[26] Yang J, Barr LA, Fahnestock SR, Liu ZB High yield recombinant silk-like protein production in transgenic plants through protein targeting. Transgenic Res 2005: 14:313-24; PMID:16145839; https://doi.org/10.1007/s11248-005-0272-5 [PubMed] [Cross Ref]
[27] Jha S, Agarwal S, Sanyal I, Jain GK, Amla DV Differential subcellular targeting of recombinant human alpha 1-proteinase inhibitor influences yield, biological activity and in planta stability of the protein in transgenic tomato plants. Plant Sci 2012; 196:53-66; PMID:23017899; https://doi.org/10.1016/j.plantsci.2012.07.004 [PubMed] [Cross Ref]
[28] Nausch H, Mischofsky H, Koslowski R, Meyer U, Broer I, Huckauf J Expression and subcellular targeting of human complement factor c5a in nicotiana species. PLoS One 2012; 7:e53023; PMID:23285250; https://doi.org/10.1371/journal.pone.0053023 [PMC free article] [PubMed] [Cross Ref]
[29] Nausch H, Mikschofsky H, Koslowski R, Meyer U, Broer I, Huckauf J High-level transient expression of er-targeted human interleukin 6 in nicotiana benthamiana. PLoS One 2012; 7:e48938; PMID:23152824 [PMC free article] [PubMed]
[30] Shaaltiel Y, Hashmueli S, Bartfeld D, Baum G, Ratz T, Mizrachi E, Forster Y System and method for production of antibodies in plant cell culture. Patent no.: US 8119406 B2/2012.
[31] Tekoah Y, Shulman A, Kizhner T, Ruderfer I, Fux L, Nataf Y, Bartfeld D, Ariel T, Gingis–Velitski S, Hanania U, et al. Large-scale production of pharmaceutical proteins in plant cell culture—the protalix experience. Plant Biotechnol J 2015; 13:1199-208; PMID:26102075; https://doi.org/10.1111/pbi.12428 [PubMed] [Cross Ref]
[32] Misaki R, Sakai Y, Omasa T, Fujiyama K, Seki T N-terminal vacuolar sorting signal at the mouse antibody alters the n-linked glycosylation pattern in suspension-cultured tobacco by2 cells. J Biosci Bioeng 2011; 112:476-84; PMID:21802986; https://doi.org/10.1016/j.jbiosc.2011.07.002 [PubMed] [Cross Ref]
[33] Ocampo CG, Lareu F, Marin Viegas VS, Mangano S, Loos A, Steinkellner H, Petruccelli S Vacuolar targeting of recombinant antibodies in nicotiana benthamiana. Plant Biotechnol J 2016. E-Pub ahead of print. https://doi.org/; PubMed PMID: 27159528.1236637410.1111/pbi.12580 [PMC free article] [PubMed] [Cross Ref]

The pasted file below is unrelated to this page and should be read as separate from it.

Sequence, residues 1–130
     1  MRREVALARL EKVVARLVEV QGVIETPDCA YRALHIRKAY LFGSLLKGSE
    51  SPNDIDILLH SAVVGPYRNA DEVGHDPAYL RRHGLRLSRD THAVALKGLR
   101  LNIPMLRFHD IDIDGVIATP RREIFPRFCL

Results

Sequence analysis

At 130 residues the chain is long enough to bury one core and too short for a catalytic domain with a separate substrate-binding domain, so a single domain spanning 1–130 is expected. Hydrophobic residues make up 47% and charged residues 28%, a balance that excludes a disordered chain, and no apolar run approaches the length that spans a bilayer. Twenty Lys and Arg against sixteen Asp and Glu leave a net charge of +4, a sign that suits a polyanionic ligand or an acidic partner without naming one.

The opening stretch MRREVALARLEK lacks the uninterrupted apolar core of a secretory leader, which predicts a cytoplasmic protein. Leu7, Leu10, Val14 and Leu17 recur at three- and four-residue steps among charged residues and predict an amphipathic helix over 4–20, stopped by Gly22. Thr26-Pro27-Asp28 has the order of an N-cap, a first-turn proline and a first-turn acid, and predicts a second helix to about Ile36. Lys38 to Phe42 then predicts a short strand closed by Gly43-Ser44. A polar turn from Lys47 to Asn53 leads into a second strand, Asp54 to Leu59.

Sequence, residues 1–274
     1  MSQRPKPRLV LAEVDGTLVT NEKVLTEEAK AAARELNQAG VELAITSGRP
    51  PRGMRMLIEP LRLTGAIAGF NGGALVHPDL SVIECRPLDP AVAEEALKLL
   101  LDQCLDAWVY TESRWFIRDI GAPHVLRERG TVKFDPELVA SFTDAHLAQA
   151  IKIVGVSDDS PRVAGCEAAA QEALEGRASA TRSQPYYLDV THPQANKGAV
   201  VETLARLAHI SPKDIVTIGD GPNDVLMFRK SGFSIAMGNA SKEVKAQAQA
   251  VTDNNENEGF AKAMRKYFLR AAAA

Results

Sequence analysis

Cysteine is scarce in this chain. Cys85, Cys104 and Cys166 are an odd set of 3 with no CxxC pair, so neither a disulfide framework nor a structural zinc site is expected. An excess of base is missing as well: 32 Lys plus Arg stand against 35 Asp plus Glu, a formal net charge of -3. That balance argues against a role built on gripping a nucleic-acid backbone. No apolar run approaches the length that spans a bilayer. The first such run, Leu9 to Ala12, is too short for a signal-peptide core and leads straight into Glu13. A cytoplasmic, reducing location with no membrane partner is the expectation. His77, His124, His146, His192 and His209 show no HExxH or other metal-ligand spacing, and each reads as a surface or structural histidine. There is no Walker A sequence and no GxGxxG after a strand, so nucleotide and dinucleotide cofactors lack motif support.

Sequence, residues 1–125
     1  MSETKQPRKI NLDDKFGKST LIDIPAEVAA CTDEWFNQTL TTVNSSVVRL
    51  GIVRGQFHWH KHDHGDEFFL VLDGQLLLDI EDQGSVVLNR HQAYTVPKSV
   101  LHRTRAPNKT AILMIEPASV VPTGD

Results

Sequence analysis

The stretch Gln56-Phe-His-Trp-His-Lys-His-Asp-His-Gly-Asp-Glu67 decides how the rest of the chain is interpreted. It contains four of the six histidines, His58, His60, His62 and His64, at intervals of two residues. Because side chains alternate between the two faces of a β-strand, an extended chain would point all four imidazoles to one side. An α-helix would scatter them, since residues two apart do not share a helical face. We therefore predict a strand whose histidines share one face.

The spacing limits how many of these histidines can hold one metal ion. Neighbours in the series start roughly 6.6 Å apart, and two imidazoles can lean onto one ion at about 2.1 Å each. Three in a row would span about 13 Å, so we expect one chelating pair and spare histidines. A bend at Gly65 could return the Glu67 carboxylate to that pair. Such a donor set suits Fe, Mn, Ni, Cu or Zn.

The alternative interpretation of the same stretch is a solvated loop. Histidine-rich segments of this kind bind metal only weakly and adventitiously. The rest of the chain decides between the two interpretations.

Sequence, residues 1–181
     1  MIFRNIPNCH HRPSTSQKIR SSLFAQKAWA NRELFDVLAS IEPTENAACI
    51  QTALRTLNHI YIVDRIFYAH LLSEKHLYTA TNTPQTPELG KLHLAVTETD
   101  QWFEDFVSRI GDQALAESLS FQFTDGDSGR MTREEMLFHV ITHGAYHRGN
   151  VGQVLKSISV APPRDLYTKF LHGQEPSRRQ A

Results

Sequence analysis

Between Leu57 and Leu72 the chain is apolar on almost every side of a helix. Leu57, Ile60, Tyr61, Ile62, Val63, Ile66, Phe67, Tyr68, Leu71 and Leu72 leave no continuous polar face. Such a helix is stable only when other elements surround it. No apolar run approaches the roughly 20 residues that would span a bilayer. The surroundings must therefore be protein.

[34] Griffin M, Casadio R, Bergamini CM Transglutaminases: Nature's biological glues. Biochem J 2002; 368:377-96; PMID:12366374; https://doi.org/10.1042/bj20021234 [PubMed] [Cross Ref]
[35] Sorrentino A, Schillberg S, Fischer R, Rao R, Porta R, Mariniello L Recombinant human tissue transglutaminase produced into tobacco suspension cell cultures is active and recognizes autoantibodies in the serum of coeliac patients. Int J Biochem Cell Biol 2005; 37:842-51; PMID:15694843; https://doi.org/10.1016/j.biocel.2004.11.001 [PubMed] [Cross Ref]
[36] Gomord V, Fitchette A, Menu-Bouaouiche L, Saint-Jore-Dupas C, Plasson C, Michaud D, Faye L Plant-specific glycosylation patterns in the context of therapeutic protein production. Plant Biotechnol J 2010; 8:564-87; PMID:20233335; https://doi.org/10.1111/j.1467-7652.2009.00497.x [PubMed] [Cross Ref]
[37] Schneider J, Castilho A, Pabst M, Altmann F, Gruber C, Strasser R, Gattinger P, Seifert GJ, Steinkellner H Characterization of plants expressing the human beta 1,4-galactosyltrasferase gene. Plant Physiol Biochem 2015; 92:39-47; PMID:25900423; https://doi.org/10.1016/j.plaphy.2015.04.010 [PMC free article] [PubMed] [Cross Ref]
[38] Liebminger E, Veit C, Pabst M, Batoux M, Zipfel C, Altmann F, Mach L, Strasser R Beta-n-acetylhexosaminidases hexo1 and hexo3 are responsible for the formation of paucimannosidic n-glycans in arabidopsis thaliana. J Biol Chem 2011; 286:10793-802; PMID:21252225; https://doi.org/10.1074/jbc.M110.178020 [PMC free article] [PubMed] [Cross Ref]
[39] Matsuoka K, Neuhaus J Cis-elements of protein transport to the plant vacuoles. J Exp Bot 1999; 50:165-74; https://doi.org/10.1093/jxb/50.331.165 [Cross Ref]
[40] Coleman J, Blake-Kalff M, Davies E Detoxification of xenobiotics by plants: Chemical modification and vacuolar compartmentation. Trend Plant Sci 1997; 2:144-51; https://doi.org/10.1016/S1360-1385(97)01019-4 [Cross Ref]
[41] Petrussa E, Braidot E, Zancani M, Peresson C, Bertolini A, Patui S, Vianello A Plant flavonoids- biosynthesis, transport and involvement in stress responses. Int J Mol Sci 2013; 14:14950-73; PMID:23867610; https://doi.org/10.3390/ijms140714950 [PMC free article] [PubMed] [Cross Ref]
[42] Matsuoka K, Neuhaus JM Cis-elements of protein transport to the plant vacuoles. J Exp Bot 1999; 50:165-74; https://doi.org/10.1093/jxb/50.331.165 [Cross Ref]
[43] Robinson DG, Pimpl P Receptor-mediated transport of vacuolar proteins: A critical analysis and a new model. Protoplasma 2014; 251:247-64; PMID:24019013; https://doi.org/10.1007/s00709-013-0542-7 [PubMed] [Cross Ref]

Articles from Bioengineered are provided here courtesy of Taylor & Francis